The U.S. News & World Report has an article in its Oct. 27 edition stating that investors have yet to see much of a return from the various Wall Street suits and settlements. The article discusses the research analyst cases (Judge Pollack is dismissing them), the WorldCom and Enron cases (hard to collect), and the IPO allocation cases (a guaranteed payment of $1 billion, but it may take a while to resolve the claims against the investment banks). The author also notes the potential connection between Judge Schendlin's recent attorneys' fees decision and the IPO allocation cases (perhaps he reads The 10b-5 Daily -- see this post from a few weeks ago).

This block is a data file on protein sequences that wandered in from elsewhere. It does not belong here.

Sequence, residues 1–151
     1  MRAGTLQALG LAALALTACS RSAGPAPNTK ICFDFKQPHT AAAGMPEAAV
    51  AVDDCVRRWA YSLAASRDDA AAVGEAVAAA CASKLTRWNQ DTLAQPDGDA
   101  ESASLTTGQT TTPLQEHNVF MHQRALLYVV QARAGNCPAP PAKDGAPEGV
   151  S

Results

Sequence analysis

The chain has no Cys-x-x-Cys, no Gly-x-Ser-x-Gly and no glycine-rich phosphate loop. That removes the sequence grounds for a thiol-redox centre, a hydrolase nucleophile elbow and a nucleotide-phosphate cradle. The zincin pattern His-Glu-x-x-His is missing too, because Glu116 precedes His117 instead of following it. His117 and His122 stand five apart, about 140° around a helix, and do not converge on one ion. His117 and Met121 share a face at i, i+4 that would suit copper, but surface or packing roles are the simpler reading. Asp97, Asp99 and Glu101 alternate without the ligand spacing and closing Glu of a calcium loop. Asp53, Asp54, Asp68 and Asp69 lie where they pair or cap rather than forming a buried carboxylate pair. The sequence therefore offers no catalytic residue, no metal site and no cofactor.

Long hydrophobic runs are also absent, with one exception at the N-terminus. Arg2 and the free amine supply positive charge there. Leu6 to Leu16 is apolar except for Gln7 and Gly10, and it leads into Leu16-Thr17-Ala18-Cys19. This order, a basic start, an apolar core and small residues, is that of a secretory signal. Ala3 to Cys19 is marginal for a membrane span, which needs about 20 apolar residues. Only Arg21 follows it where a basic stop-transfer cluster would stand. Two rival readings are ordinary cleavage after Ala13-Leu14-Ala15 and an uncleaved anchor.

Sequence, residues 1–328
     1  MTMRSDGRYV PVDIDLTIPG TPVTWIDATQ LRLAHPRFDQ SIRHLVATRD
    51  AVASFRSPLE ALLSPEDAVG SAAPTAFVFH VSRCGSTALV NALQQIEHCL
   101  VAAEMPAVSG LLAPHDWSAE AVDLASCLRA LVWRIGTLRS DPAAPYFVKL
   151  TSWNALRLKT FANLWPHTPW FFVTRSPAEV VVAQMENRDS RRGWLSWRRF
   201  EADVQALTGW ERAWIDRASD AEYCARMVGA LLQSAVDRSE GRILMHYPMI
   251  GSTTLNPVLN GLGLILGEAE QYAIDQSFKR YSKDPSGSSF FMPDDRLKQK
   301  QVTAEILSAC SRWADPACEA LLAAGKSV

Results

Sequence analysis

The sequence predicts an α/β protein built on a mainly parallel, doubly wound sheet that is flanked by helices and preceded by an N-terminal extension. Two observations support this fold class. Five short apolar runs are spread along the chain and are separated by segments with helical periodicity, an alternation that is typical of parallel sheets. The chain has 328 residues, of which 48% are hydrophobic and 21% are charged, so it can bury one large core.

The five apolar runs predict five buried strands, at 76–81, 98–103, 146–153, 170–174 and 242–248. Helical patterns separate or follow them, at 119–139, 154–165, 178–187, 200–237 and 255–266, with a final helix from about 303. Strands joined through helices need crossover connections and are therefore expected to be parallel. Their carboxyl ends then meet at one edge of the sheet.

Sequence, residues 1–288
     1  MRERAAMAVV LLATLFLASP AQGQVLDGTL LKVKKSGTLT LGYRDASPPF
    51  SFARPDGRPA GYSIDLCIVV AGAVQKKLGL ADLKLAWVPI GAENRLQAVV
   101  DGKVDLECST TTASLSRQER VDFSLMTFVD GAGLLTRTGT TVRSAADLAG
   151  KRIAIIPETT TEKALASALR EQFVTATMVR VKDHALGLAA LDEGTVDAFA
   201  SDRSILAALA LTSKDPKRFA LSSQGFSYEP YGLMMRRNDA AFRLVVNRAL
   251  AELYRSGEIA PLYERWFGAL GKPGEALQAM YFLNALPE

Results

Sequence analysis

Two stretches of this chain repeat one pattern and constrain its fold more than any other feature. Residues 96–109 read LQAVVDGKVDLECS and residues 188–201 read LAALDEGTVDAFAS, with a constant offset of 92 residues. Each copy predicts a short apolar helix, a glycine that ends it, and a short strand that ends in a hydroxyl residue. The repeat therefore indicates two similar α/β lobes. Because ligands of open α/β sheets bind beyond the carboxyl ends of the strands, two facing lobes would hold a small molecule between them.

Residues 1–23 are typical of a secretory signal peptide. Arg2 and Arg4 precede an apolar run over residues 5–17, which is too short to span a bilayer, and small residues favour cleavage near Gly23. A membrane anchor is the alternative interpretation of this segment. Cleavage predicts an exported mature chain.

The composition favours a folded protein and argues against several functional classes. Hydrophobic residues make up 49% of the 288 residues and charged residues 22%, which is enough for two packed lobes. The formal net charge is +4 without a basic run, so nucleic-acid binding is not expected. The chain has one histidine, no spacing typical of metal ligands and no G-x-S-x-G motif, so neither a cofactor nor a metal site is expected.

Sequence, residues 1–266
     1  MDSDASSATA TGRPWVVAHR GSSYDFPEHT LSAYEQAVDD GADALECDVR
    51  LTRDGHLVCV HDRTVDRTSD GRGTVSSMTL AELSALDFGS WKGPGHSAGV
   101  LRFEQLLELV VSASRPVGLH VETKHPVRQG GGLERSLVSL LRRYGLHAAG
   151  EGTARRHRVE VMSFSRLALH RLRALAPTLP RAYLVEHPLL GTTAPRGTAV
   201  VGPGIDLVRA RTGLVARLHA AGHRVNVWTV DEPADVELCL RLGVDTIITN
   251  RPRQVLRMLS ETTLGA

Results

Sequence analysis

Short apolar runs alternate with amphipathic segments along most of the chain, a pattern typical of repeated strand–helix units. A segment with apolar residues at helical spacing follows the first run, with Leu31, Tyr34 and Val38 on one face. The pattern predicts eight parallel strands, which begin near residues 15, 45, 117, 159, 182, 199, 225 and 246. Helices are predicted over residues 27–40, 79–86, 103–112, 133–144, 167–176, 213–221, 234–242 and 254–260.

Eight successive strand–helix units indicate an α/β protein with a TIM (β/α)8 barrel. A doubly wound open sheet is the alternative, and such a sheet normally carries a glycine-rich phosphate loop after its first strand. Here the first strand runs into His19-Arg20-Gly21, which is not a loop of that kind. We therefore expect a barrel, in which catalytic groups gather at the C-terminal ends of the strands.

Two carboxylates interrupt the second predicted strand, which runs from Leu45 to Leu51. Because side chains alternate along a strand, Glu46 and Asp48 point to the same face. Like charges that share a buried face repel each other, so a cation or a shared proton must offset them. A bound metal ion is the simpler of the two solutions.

Quote of note: "In June, insurers for the 309 companies [named in the IPO allocation cases] agreed to pay up to $1 billion to compensate investors--establishing a minimum recovery fund--depending on how much money Weiss wrestles from the investment banks. 'It's in the banks' interest to drag it out, to raise the cost to the other side,' says one executive in the case. Still, he and others predict Weiss could ultimately settle with the Wall Street firms for $3 billion to $5 billion--partly because the iconoclastic Pollack isn't handling the case."